(new writer, new book) Oblivion - Survival.

Not sure if you're on the right track? Post anything from character descriptions, snippets of text, or even whole chapters to get some advice.

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Sonaku
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(new writer, new book) Oblivion - Survival.

Post by Sonaku »

Hi there. I'm kinda new to the writers scene and have just started writing a new novel (I'm not counting my fanfics) it's the first in a series of planned novels. i would love some critique and feedback

Oblivian - Survival: chapter 1
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The Master
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Re: (new writer, new book) Oblivion - Survival.

Post by The Master »

Welcome to SV Sonaku! :)

If possible it is best to separate your paragraphs with a space to make it easier to read.

Its a little derivative but I can see some good potential for the story idea. It probably would make a good Anime screenplay. Unfortunately, your concept is being overshadowed by a distractingly high number of grammatical errors and structural problems. This interrupts the flow of the text to a degree that the work is difficult to read. To be brutally honest I would highly suggest that you focus intently on improving your general writing skills.

I also feel that the prologue is confusing and overly dense. You have terrorists, multiple human wars, a suggestion of possible nuclear holocaust, alien war machines, and robots taking over the surface of the planet. Into this mix you have your narrator stops to introduce himself. Its...well...exausting is the right word I suppose. I think it would benefit the story to simplify the prologue to its most relevant points involving the alien machines that come to dominate the planet. If the human war components come into significant play later in the plot you might instead expand the prologue into a more complete chapter so that you can tell a more thorough history.

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thegreentick
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Practice makes perfect

Post by thegreentick »

Hello to you, too! Before I begin, I believe in fair warning. I hate sugarcoating and I believe that in order to help someone become better, complete honesty is needed. I don't say anything to be mean or to discourage you. The fact that I'm critiquing your work is my way of saying that there's potential. If I didn't think there was, I'd suggest that you look elsewhere for your calling in life.

Starting in the writers scene with a novel is like starting out a basketball career in the NBA. That doesn't mean you shouldn't build your way up towards a series of novels (heck, that's what I'm doing) but I would suggest practicing with short stories, blogs, critiques, etc. If this story of yours has taken over your brain and you can't think about writing anything else, I would suggest short stories or exerpts from various places of the story. It will give you a chance to experiment with different characters, settings and types of conflict in much smaller bites.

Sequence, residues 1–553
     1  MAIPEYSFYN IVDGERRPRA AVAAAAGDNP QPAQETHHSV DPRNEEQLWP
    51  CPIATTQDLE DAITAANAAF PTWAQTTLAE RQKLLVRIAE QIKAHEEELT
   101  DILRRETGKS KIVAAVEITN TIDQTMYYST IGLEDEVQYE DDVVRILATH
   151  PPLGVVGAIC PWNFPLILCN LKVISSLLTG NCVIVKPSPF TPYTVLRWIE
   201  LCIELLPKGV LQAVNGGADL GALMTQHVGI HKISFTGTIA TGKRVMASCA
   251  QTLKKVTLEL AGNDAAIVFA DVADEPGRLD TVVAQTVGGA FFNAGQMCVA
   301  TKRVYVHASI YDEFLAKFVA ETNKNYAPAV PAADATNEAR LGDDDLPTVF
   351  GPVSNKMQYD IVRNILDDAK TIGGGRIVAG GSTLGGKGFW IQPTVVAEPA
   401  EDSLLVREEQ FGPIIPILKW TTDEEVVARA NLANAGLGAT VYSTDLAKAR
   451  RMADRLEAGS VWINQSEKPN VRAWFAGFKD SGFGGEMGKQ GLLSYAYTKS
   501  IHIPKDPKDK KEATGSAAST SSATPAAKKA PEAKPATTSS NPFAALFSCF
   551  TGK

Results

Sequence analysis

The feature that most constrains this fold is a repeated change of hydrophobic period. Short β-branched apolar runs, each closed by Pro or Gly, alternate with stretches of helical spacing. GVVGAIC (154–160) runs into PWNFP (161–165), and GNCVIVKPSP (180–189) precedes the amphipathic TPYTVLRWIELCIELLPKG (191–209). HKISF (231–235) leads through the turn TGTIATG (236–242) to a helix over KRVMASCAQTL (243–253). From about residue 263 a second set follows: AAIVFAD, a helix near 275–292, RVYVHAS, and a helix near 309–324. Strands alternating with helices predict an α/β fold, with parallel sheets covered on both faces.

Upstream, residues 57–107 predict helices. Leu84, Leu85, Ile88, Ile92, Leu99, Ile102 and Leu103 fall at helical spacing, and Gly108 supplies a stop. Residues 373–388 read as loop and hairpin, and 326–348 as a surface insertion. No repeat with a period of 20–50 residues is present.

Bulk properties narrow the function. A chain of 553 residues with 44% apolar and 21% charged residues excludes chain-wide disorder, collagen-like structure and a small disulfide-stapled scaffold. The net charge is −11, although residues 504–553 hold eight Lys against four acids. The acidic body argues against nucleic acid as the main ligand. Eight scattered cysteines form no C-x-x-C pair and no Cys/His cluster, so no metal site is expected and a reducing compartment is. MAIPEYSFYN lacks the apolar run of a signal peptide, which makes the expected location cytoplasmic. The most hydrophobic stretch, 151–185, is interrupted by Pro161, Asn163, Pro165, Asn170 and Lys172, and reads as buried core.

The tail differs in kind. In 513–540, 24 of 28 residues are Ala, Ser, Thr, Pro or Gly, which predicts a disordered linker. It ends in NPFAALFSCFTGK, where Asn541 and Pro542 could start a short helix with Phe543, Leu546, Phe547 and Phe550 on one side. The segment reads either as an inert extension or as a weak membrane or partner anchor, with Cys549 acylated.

Now, for the chapter itself.

I won't go through it sentence by sentence picking out grammatical errors. I'll just let you know that there are quite a few. Like The Master said, you should spend a good bit of time working on the technical aspect of your writing (however unfun it is) because no matter how good a story is, it becomes tedious if it's poorly told.

My next point is probably the one that writers workshops spend more time gnawing on than any other: showing vs. telling. A number of times in this chapter you break the flow of the action to explain something. An example would be as follows:

"I sighed and got out of my shorts and went into the vapor shower. Vapor showers really don’t use vapor, everybody just call them that. What they do is spray a fine solution of soap and water from small holes all around the shower. All you have to do is scrub."

We're following the hero of the story to the shower and you suddenly launch into an explanation of how the shower works. First of all, I don't think it's really very important that us readers know how the shower works. It's a shower. Secondly, if you really do deem it important for us to know, ie. if it's important to the plot at a later point, throw it into the story. He could be having a shower and he notices that there's too much soap in the solution that's spraying from the shower head. He could make a mental note to have someone look at it. This way, we end up knowing how the shower works but we don't get thrown from the story with an explanation. There are numerous other places in the chapter where you do this. This is just one that stood out.

Next point. You seem to be having trouble with your narrative. Sometimes it seems that the character is explaining something to me. Other times, it seems that you, the author, are explaining something to me. There can only be one narrator to a story, so you should probably work on this.

That's all that's coming to mind right now. To sum things up: practice practice practice practice. When you've done this, do it again, and then again. Once you've done all this, practice some more. See where I'm going with this? Work on grammar, make sure it's the same person telling the story at all times and if the readers need information, ESPECIALLY information about the characters, make sure that it's shown to us, not told. If you tell us that a character is of a grouchy disposition but all of their actions disagree, you lose the trust of the reader.

Keep on writing.
"God is looking for spiritual fruits, not religious nuts."

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